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Designed in 1948, Isamu Noguchi's "Cloud" freeform sofa with its biomorphic, organic shape is a direct extension of the artist's sculptural aesthetic and it effortlessly blurs distinctions between design and art. The idea of furniture as art was, at the time, a rather new concept that was fostered, at least in part, by several programs initiated by the Museum of Modern Art, New York in the 1940s to introduce good design to a wider audience.
Isamu Noguchi was born in Los Angeles in 1904 to Yone Noguchi, a Japanese poet, and Leonie Gilmor, an American writer. Noguchi lived in Japan from the age of two until 1918 when he returned to the United States to attend school in Indiana. In 1922 Noguchi moved to New York to study pre-medicine at Columbia University. He also took night courses in sculpture with Onorio Ruotolo and soon after, he left Columbia in pursuit of a career in the arts.
In 1927 Noguchi received a Guggenheim Fellowship for a trip to Paris and the Far East. For six months in Paris, he worked in the studio of Constantin Brancusi and his own work became more abstract as Noguchi explored working with stone, wood and sheet metal. Noguchi returned to New York and in 1929 he met R. Buckminster Fuller and Martha Graham, colleagues and friends with whom he would later collaborate. In 1938 Noguchi was commissioned to complete a work for the Associated Press building in the Rockefeller Center in New York. Marking his first public sculpture, this work garnered attention and recognition for the artist in the United States.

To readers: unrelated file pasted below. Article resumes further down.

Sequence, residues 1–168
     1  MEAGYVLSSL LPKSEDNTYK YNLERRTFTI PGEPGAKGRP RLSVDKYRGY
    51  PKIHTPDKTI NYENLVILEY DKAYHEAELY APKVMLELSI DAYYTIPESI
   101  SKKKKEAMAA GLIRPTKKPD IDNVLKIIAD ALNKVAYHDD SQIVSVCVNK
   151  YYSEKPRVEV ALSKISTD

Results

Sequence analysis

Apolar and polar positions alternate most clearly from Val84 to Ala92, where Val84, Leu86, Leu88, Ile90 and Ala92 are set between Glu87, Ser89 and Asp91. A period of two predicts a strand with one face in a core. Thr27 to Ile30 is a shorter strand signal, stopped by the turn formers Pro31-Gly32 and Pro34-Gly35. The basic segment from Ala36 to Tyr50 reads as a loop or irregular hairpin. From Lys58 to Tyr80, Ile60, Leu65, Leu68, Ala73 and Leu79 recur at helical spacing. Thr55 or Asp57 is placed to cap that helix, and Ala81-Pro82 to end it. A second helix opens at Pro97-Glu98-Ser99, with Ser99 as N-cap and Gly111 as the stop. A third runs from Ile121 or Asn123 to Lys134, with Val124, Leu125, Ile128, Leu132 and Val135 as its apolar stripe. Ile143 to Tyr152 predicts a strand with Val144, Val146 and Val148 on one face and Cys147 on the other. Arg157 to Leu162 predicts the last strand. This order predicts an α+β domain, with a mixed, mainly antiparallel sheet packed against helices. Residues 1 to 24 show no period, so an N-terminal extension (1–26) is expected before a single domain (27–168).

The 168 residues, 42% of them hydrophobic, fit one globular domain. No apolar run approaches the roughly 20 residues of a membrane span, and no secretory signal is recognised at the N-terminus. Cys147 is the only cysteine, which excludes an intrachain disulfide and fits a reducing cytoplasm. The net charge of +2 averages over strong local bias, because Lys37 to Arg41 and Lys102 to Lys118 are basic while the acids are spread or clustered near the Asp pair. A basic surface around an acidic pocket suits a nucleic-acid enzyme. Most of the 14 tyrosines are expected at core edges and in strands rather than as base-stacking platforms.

After the Japanese attack on Pearl Harbor, Noguchi became politically involved. He started Nisei Writers and Artists Mobilization for Democracy, a group dedicated to raising awareness of the patriotism of Japanese Americans, and he volunteered to be placed in an Arizona internment camp where he resided for seven months. Following the war, he spent time in Japan exploring the issues highlighted by the conflict of war; the experiences culminating in sculptural works that were included in the exhibition Fourteen Americans hosted by the Museum of Modern Art in New York in 1946.
Noguchi traveled throughout his lifetime and was inspired by experiences, artists and techniques around the world. Never confined by material or a particular movement, Noguchi's aesthetic accomplishments covered a broad range including sculpture, furniture and lighting design, parks, gardens, theater and more. His first retrospective was held at the Whitney Museum of American Art in 1968. He received multiple accolades and awards during his lifetime and in 1986 he represented the United States at the Venice Biennale. A testament to his commitment to public spaces, in 1985 Noguchi opened The Isamu Noguchi Garden Museum in Long Island City, New York (now known as The Noguchi Museum) and today his legacy lives on through the museum's work. Noguchi died in 1988 at the age of eighty-four.
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